Message From The Author

Vanessa Kelly

Genre: Regency Period, England, Historical Romance

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Author's Message

My Favorite Countess is my third Regency-set historical romance, and was by far the easiest for me to write. There’s a reason for that, and her name is Bathsheba.

Bathsheba Compton, the widowed Countess of Randolph, is the heroine of My Favorite CountessShe’s a bit different from your average Regency heroine. You see, she was the villainess of my last book, Sex and the Single Earl. In that novel, Bathsheba did her very best to torment Sophie, the heroine, and she did a bang-up job of it. Not that she actually tried to physically hurt Sophie or put her life in danger, but Bathsheba did do something pretty awful—she tried to ruin Sophie’s reputation so the hero would dump her.   

Bad, bad, Bathsheba. 

But even while I was working on Sex and the Single Earl, I found myself fascinated by her character. When creating villains, most writers work hard to make them more than just one-dimensional plot devices. Fully developed villains really add to a book’s strength. Not only do they make for a more interesting story, they give the hero and heroine a greater challenge to overcome, often forcing them to grow past their greatest fears. Bathsheba certainly fit that bill, at least for me. She was never a cartoon character, used only to move the plot along. She fascinated me—and some of my readers, too, who wrote to ask me about her, and what her story was.

Early on, then, I realized I had to give Bathsheba her own book. At first, I was rather intimidated by the whole idea. After all, she was a villainess, for heaven’s sake. Now, readers are used to bad guys morphing into good guys. We see that all the time in romance novels, especially in historical romance. Who can forget Sebastian, the hero of Lisa Kleypas’ wonderful book, Devil in Winter? He seemed irredeemable, but Ms. Kleypas pulled it off with a realistic and moving portrayal of character growth.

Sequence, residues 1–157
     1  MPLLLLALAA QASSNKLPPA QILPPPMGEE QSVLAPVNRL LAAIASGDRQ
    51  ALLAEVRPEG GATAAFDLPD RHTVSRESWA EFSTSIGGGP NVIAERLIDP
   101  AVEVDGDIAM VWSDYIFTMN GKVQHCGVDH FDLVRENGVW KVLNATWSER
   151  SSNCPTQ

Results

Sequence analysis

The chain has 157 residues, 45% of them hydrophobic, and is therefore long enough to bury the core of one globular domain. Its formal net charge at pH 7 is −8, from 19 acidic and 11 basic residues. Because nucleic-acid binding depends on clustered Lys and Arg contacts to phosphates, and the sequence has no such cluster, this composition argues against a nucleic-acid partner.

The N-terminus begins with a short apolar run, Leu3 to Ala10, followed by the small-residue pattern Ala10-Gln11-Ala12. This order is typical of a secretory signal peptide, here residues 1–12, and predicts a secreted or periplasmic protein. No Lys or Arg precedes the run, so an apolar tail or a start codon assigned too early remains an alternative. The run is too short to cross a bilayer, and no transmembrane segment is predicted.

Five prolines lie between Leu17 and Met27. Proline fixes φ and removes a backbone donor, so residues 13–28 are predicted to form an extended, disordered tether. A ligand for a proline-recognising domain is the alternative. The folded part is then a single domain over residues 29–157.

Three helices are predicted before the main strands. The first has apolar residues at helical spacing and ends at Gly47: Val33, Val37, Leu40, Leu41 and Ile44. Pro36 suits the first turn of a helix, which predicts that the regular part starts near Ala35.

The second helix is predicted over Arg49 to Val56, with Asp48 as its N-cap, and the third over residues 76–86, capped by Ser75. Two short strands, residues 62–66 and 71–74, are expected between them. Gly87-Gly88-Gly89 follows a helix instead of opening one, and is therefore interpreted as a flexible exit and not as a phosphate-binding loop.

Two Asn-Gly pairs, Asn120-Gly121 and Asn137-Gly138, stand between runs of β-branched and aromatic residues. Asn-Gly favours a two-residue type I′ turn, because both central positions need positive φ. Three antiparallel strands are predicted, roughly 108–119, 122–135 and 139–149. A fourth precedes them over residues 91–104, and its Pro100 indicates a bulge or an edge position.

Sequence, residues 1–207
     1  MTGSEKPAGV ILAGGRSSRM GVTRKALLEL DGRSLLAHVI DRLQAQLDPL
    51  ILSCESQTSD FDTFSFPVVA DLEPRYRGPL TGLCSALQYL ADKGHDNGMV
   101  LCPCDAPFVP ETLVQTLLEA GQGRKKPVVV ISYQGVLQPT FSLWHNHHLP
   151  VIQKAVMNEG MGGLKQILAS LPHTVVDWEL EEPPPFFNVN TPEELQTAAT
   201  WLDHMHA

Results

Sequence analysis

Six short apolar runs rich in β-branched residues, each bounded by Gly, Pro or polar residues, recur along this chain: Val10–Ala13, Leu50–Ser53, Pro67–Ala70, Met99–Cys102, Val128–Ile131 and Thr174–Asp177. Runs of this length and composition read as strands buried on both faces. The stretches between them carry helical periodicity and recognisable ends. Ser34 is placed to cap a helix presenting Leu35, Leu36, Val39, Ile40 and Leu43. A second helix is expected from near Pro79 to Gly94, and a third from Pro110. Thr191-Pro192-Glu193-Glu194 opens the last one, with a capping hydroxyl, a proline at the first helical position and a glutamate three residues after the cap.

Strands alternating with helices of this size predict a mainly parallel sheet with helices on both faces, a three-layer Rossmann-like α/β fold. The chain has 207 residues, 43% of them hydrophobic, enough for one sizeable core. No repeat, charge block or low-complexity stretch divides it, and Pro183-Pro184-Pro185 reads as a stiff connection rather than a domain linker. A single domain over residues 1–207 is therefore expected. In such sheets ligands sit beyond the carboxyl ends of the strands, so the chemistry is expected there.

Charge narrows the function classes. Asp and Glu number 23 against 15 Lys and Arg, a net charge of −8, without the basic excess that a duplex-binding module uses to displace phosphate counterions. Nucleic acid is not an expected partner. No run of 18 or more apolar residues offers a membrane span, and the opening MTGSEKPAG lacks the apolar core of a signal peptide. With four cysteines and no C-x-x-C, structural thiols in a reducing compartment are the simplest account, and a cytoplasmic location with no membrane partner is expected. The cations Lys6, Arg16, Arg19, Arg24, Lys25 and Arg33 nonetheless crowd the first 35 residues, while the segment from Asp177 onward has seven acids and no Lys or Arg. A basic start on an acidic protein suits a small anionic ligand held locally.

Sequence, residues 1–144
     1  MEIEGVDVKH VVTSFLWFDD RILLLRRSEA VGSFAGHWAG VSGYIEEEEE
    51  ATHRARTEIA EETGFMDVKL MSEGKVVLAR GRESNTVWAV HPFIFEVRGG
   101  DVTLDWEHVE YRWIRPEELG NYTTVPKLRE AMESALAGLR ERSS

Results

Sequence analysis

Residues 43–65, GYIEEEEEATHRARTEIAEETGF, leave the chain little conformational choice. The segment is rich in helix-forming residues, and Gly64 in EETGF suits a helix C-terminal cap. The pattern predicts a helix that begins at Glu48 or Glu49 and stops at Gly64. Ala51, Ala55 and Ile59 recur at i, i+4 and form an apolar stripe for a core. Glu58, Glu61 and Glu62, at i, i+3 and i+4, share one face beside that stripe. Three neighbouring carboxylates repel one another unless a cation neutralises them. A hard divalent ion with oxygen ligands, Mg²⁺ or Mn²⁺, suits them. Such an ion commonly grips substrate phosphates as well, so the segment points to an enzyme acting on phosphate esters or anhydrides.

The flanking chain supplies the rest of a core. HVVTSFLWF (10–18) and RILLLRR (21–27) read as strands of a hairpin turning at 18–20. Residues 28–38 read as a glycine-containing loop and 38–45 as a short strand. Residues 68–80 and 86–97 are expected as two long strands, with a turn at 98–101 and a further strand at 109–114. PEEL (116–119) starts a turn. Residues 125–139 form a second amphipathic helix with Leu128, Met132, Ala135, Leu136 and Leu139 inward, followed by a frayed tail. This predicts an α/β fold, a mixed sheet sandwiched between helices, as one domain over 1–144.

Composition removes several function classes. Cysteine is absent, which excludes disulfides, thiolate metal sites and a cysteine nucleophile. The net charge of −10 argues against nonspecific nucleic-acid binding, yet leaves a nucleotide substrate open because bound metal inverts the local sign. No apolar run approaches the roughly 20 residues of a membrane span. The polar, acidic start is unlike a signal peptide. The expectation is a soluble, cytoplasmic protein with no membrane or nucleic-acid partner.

But redeeming the villainess? There are a few examples in romance, but not many. Still, I wanted to try because Bathsheba was such an interesting and vital character. I just couldn’t resist the challenge she posed.

Initially, I thought it would be a struggle and I felt some trepidation starting off. But the key to Bathsheba’s character was in developing a believable backstory—a reason why she behaved in such a nasty and seemingly unforgiveable way. So I gave her a compelling reason why she had to be so ruthless in Sex and the Single Earl, and I made it one that would engender sympathy in the reader. I also gave her a great deal of courage in her own right, and forced her into making choices she never wanted to make. 

Finally, I made sure that she took responsibility for her bad behaviour and didn’t make excuses. That was something I really liked about her from the start. 

The other thing that made it so much fun to write My Favorite Countess was the hero, John Blackmore. He’s also a bit different from your average Regency hero since he’s a doctor—an accoucheur, specifically, which is the Regency version of an obstetrician. Doing research on this topic was both fascinating and gruesome (as you can imagine), and I had a great time creating John’s character and placing him in Bathsheba’s world. From their first meeting, they struck sparks off each other, and their chemistry made the words seem to flow from my fingertips.

Writers use the phrase, “the book just wrote itself.” We know that’s not true, of course. It’s always some mysterious combination of research, creativity, and old-fashioned hard work. But some books really do feel like a gift the Great Muse hands down from on high. For me, that book was certainly My Favorite Countess. I hope readers have as much fun reading it as I had writing it!

- Vanessa Kelly

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